Market Analysis


The ECB announced new measures to protect the euro Thursday, which likely buy the monetary union more time—but still aren’t a silver bullet.

Thursday, ECB President Mario Draghi announced a series of measures orchestrated to send a clear message to markets: The euro is here to stay. The measures shouldn’t be surprising to euro-watchers, who’ve repeatedly witnessed EU officials commit to “do whatever it takes to preserve the euro.” As we’ve often said, there’s no silver bullet to cure all that ails the eurozone. However, the measures announced aim to buy troubled peripheral nations still more time to right their fiscal imbalances and increase economic competiveness and productivity.

Draghi unveiled the ECB’s new bond buying program, Outright Monetary Transactions (OMT). The OMT was designed to replace the previous Securities Market Programme (SMP), which was effectively shuttered with this announcement. The OMT program, as its name implies, allows the ECB to openly buy sovereign debt in secondary markets (with durations of up to three years) with the aim of pushing down interest rates of the target country. However, to prevent stoking inflation (and raising the ire of the inflation-wary Bundesbank,) the ECB will sterilize any secondary market debt purchases by removing an equal amount of liquidity from circulation by offering banks interest on short-term deposits at the ECB. (Following the ECB announcement, the Bundesbank issued a statement of their own reaffirming their stance that ECB bond purchases amount to “financing states via the printing press.”)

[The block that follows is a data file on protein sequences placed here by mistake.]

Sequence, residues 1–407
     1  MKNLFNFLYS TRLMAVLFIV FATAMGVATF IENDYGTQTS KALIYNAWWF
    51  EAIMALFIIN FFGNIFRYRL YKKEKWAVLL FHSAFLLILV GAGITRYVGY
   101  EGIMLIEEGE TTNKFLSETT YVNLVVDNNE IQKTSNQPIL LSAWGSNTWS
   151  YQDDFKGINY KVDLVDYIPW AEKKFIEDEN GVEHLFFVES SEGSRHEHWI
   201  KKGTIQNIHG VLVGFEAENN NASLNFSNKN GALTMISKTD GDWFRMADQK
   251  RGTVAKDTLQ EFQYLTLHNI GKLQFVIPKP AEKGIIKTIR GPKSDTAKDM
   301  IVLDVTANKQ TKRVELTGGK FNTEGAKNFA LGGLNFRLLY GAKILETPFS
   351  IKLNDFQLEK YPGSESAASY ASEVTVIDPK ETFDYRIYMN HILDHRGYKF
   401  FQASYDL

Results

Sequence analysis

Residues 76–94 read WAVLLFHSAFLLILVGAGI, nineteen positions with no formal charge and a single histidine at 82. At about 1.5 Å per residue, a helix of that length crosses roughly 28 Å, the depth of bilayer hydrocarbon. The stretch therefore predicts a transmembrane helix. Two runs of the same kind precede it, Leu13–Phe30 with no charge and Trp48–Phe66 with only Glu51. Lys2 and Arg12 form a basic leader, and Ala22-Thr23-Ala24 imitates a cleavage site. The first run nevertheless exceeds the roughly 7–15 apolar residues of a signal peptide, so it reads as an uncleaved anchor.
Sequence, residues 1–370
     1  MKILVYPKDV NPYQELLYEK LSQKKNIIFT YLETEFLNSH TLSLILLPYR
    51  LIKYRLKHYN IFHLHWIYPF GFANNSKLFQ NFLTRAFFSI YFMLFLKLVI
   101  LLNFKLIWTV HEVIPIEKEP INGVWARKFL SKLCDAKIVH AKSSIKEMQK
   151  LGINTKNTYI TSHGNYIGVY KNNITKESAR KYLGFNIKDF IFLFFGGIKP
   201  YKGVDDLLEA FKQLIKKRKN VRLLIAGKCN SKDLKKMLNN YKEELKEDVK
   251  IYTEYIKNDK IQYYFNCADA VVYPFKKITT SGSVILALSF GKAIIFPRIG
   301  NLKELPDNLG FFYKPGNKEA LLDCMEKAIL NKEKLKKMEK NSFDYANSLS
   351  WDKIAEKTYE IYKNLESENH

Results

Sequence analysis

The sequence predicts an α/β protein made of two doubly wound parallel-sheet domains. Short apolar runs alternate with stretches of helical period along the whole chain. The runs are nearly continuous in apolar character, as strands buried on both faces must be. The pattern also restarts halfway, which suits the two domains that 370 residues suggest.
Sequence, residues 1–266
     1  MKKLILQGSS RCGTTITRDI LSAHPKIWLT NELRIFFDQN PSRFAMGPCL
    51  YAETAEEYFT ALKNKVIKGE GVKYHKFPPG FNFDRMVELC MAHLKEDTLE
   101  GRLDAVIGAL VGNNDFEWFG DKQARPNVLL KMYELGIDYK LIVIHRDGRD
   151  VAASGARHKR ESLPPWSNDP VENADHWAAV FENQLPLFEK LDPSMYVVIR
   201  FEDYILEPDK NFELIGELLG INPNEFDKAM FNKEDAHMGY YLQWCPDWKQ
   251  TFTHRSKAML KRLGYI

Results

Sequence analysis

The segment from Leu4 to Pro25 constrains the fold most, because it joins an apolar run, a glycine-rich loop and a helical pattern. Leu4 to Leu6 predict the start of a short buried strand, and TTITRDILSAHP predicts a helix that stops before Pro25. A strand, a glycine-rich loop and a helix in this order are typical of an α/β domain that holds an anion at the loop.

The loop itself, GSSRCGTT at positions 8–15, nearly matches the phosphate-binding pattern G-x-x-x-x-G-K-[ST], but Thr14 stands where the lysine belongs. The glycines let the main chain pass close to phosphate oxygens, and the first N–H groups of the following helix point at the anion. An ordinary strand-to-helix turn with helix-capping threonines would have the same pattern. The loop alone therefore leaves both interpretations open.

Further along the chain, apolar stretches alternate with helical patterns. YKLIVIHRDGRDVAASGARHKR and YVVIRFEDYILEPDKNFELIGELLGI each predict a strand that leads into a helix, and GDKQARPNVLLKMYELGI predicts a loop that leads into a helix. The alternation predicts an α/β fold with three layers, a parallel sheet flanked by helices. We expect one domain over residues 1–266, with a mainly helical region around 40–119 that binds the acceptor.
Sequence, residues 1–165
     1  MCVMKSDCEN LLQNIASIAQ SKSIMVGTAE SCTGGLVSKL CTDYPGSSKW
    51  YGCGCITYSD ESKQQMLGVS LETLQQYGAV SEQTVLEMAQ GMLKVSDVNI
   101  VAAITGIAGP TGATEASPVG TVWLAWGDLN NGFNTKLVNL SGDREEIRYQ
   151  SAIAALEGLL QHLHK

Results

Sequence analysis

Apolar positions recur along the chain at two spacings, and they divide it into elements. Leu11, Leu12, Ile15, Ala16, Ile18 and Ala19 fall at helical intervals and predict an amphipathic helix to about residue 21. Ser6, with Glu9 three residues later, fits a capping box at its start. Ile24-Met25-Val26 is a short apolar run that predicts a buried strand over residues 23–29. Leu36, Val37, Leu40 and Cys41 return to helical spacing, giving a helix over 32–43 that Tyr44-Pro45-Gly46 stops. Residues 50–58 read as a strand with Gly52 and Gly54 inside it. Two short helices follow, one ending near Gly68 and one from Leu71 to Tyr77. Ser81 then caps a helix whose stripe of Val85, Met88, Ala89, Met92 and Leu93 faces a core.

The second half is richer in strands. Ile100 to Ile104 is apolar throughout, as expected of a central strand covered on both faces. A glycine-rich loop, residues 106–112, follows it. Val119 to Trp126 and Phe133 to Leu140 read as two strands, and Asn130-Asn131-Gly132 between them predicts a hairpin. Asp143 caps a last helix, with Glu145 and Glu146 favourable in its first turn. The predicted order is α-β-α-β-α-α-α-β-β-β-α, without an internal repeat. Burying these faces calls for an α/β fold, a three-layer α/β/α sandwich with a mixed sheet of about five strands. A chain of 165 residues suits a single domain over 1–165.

Draghi also dispelled rumors of debt subordination—the ECB taking seniority in any debt purchases over private or other creditors. Following the Greek bond swap earlier this year, which made the ECB whole for its Greek debt holdings and forced many private creditors to take losses, some folks feared another ECB bond-buying program would be undermined by investors clamoring to shed the debt of any country that was party to it—negating its effectiveness. However, under the OMT, the ECB will be subject to the same losses (if any) as private creditors.

The program comes with some strings attached. Countries eligible to participate must tap the EFSF/ESM for aid and follow strict reform and austerity measures. Already bailed-out Ireland and Portugal will be allowed to participate when they fully regain access to credit markets. Countries failing to comply with targets would face “discontinuance of bond purchases” under the OMT. (Or, at least, so Draghi says now. We’ll see if his tune doesn’t change later.)

In our view, the terms of the OMT highlight Draghi’s second major message, “policy-makers in the euro area need to push ahead with great determination with fiscal consolidation, structural reforms to enhance competitiveness and European institution-building.” Reducing yields on sovereign debt for the troubled periphery likely eases funding concerns in the fore (if it works as planned). But this only buys time to iron out their various competitiveness issues. Some nations have more work to do on that score (we’re looking at you, Greece) and others, less (ahem, Ireland).

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*The content contained in this article represents only the opinions and viewpoints of the Fisher Investments editorial staff.